• “Can’t wait for turnover to be your indicator. Need to use better ways to look ahead – are ppl learning/talking/delivering?” @alyssaburkus
  • “Lack of employee motivation & excitement over projects. Team conflicts cause low morale which = poorly produced work.” @sophiaideas
  • “When cross-functional teams have different and opposing goals, it’s time to make a change.” @actinglikeseals

See all the great answers to question 3 here!

Q4: What are ways for a company to begin to make positive shifts in how it operates?

From Tim:

  • Identify 1) what’s working, 2) what isn’t, & 3) what’s possible, and make sure everyone is provided a space to answer these.

From the community:

  • “The first step is acknowledgement. There is still so much shame in admitting that you’re not up to snuff.” @doctorcrowe
  • “Hire smart. Talk to your people. Give them ownership + autonomy. Empower your people work where/how/when they work best!” @NoMeatballs
  • “Up the communication with more 2-way channels for idea sharing & reinforce positive goal setting for the company.” @TheMissNicolina
  • “Be more transparent with their goals and objectives to employees and customers.” @twobookminimum
  • “Determine first if a shift IS necessary and WHY it is. The WHY for the shift provides a doorway to the buy-in required.” @ideabloke

See all the great answers to question 4 here!

Q5: In your opinion, what’s the most important change an organization can make to help them thrive in the future?

From Tim:

  • This is a great (and admittedly tough!) question. What’s most important depends on the specific context of the organization.
  • One thing all organizations can do is get clear on the purpose. Then promote a shared ownership of the purpose.

From the community:

  • “Embrace tech & invest in people. Plan for the future but live in the moment because things change quicker than they used to.”@ATSocialTweets
  • “Employee satisfaction. Your biggest cheerleaders are internal. Take care of them & they will take care of your bottom line.” @SheffieCochran
  • “Provide a listening ear to employees and take heed to their concerns and desires. Make them a partner in business.” @imEbony
  • “Embrace new tech and embrace learning it… being accustomed to your ways is going to make you miss the train.” @HinoIII
  • “Be adaptable to change but always stay true to your core values. Don’t follow trends & blend in. Own them & stand out.” @norgentapel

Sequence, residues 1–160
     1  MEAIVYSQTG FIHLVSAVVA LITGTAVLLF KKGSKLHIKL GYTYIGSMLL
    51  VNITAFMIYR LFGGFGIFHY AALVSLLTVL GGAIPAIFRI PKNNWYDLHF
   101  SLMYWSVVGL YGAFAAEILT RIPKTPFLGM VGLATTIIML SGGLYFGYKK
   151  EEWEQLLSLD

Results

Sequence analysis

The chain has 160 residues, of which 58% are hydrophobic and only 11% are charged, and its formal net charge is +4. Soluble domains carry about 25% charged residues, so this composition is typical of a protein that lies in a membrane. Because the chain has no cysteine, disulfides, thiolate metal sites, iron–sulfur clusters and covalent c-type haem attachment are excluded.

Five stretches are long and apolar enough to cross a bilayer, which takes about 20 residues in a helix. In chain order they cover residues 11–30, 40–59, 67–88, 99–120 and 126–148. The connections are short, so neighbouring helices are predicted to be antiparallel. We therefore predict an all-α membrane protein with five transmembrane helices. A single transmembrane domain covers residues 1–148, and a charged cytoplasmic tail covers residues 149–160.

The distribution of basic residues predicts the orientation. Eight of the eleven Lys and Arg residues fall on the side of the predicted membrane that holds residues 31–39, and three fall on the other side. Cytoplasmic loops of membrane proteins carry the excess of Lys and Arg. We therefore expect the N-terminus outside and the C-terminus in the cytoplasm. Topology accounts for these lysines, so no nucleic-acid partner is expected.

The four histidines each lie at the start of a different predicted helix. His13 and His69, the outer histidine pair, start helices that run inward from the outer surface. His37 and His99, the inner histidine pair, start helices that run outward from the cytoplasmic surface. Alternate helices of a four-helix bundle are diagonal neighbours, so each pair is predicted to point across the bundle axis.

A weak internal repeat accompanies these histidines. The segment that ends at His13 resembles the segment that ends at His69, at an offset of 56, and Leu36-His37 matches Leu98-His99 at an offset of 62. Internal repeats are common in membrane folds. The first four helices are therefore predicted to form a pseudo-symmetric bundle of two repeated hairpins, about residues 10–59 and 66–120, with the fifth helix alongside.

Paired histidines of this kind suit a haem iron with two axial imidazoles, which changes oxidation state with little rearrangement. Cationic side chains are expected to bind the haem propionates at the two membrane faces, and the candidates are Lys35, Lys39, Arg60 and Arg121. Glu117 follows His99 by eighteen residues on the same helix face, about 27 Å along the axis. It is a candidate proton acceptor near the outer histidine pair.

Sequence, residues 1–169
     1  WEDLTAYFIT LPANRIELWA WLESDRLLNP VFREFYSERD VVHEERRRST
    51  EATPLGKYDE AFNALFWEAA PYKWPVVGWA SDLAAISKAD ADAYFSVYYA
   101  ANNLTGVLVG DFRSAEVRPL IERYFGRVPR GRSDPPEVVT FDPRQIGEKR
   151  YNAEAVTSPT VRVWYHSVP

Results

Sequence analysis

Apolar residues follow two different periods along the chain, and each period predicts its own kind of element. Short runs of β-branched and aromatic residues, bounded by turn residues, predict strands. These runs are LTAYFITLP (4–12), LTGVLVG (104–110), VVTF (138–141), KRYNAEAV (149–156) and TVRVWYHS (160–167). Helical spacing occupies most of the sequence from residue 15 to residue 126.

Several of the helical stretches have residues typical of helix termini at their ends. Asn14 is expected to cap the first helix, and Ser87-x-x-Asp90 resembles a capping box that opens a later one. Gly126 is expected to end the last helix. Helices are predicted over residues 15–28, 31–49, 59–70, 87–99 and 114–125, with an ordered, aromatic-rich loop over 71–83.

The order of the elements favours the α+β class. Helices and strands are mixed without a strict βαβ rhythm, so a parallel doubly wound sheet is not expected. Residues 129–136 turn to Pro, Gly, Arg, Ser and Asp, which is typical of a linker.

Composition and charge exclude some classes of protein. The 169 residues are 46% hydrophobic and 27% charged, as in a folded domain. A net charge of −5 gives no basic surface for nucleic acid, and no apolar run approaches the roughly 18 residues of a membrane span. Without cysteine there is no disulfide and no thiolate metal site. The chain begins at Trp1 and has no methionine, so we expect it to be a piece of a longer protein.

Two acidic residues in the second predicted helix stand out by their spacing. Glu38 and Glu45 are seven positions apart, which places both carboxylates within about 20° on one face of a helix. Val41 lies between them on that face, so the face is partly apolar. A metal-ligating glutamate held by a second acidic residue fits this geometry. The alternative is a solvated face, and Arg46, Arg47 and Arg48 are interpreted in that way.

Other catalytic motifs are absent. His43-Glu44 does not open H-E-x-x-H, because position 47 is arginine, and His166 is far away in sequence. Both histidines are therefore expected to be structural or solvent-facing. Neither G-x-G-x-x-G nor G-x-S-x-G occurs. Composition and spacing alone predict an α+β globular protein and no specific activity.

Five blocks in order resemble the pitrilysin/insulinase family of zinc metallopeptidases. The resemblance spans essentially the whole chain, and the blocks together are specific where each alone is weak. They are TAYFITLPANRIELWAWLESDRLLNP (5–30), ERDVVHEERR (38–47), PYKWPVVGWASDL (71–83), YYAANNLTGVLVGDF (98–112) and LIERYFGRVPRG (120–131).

See all the great answers to question 5 here!

Q6: How can organizations support modern career growth?

From Tim:

  • Shift the focus from “climbing up the ladder” to developing skills. & build this into the way you hire, train, + compensate.
  • Here we have to give a shoutout to @Buffer! The salary calculator is a great example of how true growth can be built into comp.
  • We’re actually in the final stages of creating a transparent salary formula ourselves!

From the community:

  • “Let employees try new things and outside the box ideas. People really want to keep learning and growing.” @rouxroamer
  • “Employees continuously need to upgrade their skills and competencies to meet the current demands.” @indigoevstudio
  • “Give employees opportunities for new responsibilities and reward worthy job performances w/ promotions & title changes.” @JessOB1kenobi
  • “I also admire companies who hire people based on them as people, and are willing to be fluid with the roles they take on.” @TheRoyalTbomb
  • “Offering their employees interesting talks, events, courses or workshops! If they grow, the company grows.” @matteocarvajal

See all the great answers to question 6 here!

Q7: What are some of your favorite resources to explore and learn about the future of work, organizational transformation, and/or emergent companies?

From Tim:

From the community:

See all the great answers to question 7 here!

Thank you so much to Tim and to everyone who participated and helped each other in this chat!

Do you have any comments or answers to these questions? Leave your thoughts in the comments! We’d love to hear from you!

Image sources: UnSplash